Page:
IR spectra

As a good facility, the IR spectra have been employed to determine the geometry structure because the variation of conformer can be reflected directly by the shift of IR spectra. The IR spectra of the selected dyads calculated in gas phase and diethylether solvent are presented in Figure 2. The difference of IR spectra in fingerprint region for three gaseous AA conformers is slight. Significant distinction is observed for the spectra with strong signals over 2000 cm-1. Two signals appear at 2571.6 and 3373.8 cm-1 for conformer AA1. They are assigned as the Oε1H…Nη1 and Oε2…HNη2 hydrogen bonds stretching, respectively. In AA2, the spectra with distinct signal locate at 2443.3 and 3351.3 cm-1 are assigned as the Oε2H…Nη2 and Oε1…HNη1 stretching modes, respectively. Two strong signals are observed in the IR spectra of gaseous conformer AA3 at 2168.9 and 2530.3 cm-1. The assignments were given as the Oε1…HNη1 and Oε2…H Nη2 hydrogen bonds stretching, respectively.

When the dyads are dipped into the diethylether solvent, the frequency of the OH…N stretching mode in AA1 and AA2 is redshifted significantly, approaching to 2000 cm-1. The effect on O…HN hydrogen bond is slight. Two O…HN stretching modes are blueshifted and approach to each other in AA3 structure as compared to those in gas phase. The OH…N stretching mode in AI1 and AI2 is red shifted when the system changes from gas phase into diethylether solvent. On the contrary, the influence brought by solvent dielectric constant on the spectra of AP is slight (Figure 2).

The CO stretching mode of gaseous TAA1 is assigned at 1292.3 cm-1, which is blue-shifted slightly as compared with the CO stretching in AP1 and AP2 by 21 and 50 cm-1, respectively. The CO stretching of TAA1 red-shifts to 1281.6 cm-1 in diethylether solvent. The OH...O and OH...N stretching modes connecting three fragments are assigned in gas phase at 3570.6 and 2962.4 cm-1, respectively. The OH...N mode red-shifts distinctly in diethylether solvent to 2502.2 cm-1, while the solvent effect on OH...O stretching is slight. These two stretching modes of TAA2 are assigned at 2775.0 cm-1 for OH...O hydrogen bond and 3241.6 cm-1 for O...HN hydrogen bond, respectively.

Potential energy surfaces

The potential energy surfaces (PESs) for proton transfer of AA system in gas phase, diethylether, and water solvent were determined (Figure 3). Taken the energy of the most stable structure in every phase as zero point, the lines are described as the relationship between the relative energy and two O…H distances.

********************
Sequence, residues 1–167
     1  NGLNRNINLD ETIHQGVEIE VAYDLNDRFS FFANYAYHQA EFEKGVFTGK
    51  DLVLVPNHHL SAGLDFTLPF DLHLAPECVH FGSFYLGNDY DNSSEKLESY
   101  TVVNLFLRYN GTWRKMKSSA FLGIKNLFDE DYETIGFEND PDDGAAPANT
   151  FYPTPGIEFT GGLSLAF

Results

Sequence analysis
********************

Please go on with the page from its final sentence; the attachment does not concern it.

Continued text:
In gas phase, the most stable structure is AA1, the other two conformers are higher in energy by 1.4 (AA2) and 2.1 (AA3) kcal/ mol, respectively. AA1, the predominant conformer in gas phase, corresponds to the left minima points on black and red lines at ~ 1.05 Å of O…H distance (RO…H). AA2 and AA3 refer to the right local minima on red and black lines, respectively, approaching 1.55 Å of O…H distance. The transition state, locating between AA1 and AA2/AA3, is determined with the energy higher than AA1 by 1.5/2.3 kcal/mol. For the backward reaction, the barrier for the inversion of configuration from AA3 to AA1/AA2 is very low. In diethylether solvent, the energy of conformer AA3 is the lowest around O…H distance of 1.65 Å. Relatively, AA1 and AA2 are higher in energy by 3.3 and 4.3 kcal/ mol, respectively near 1.05 Å of RO…H. The energy barrier varing from high-energy conform AA1/AA2 to low-energy structure AA3 is 0.3/0.0 kcal/mol, decreasing as compared with the barrier in gas phase. The principal conformation corresponds to conformer AA3.

The increasing of solvent dielectric constant enhances the stability of polar conformer. Similar phenomenon has been observed in hydrogenbonded water chains [19]. As contributes mainly to the interaction between the polar conformer and the polarity solvent molecules. The larger the solvent dielectric constant is, the stronger the interaction is. Here, the potential energy surfaces in water solvent are also explored in order to inspect the dielectric constant effect on proton transfer. When the dielectric constant increases furthermore along with the solvent variation from diethylether to water, the minimum at left side near 1.05 Å of RO…H disappears, and the double-well PES converts into the singlewell PES. No matter where the protons locate initially, both of which transfer to the Arg moiety after optimization.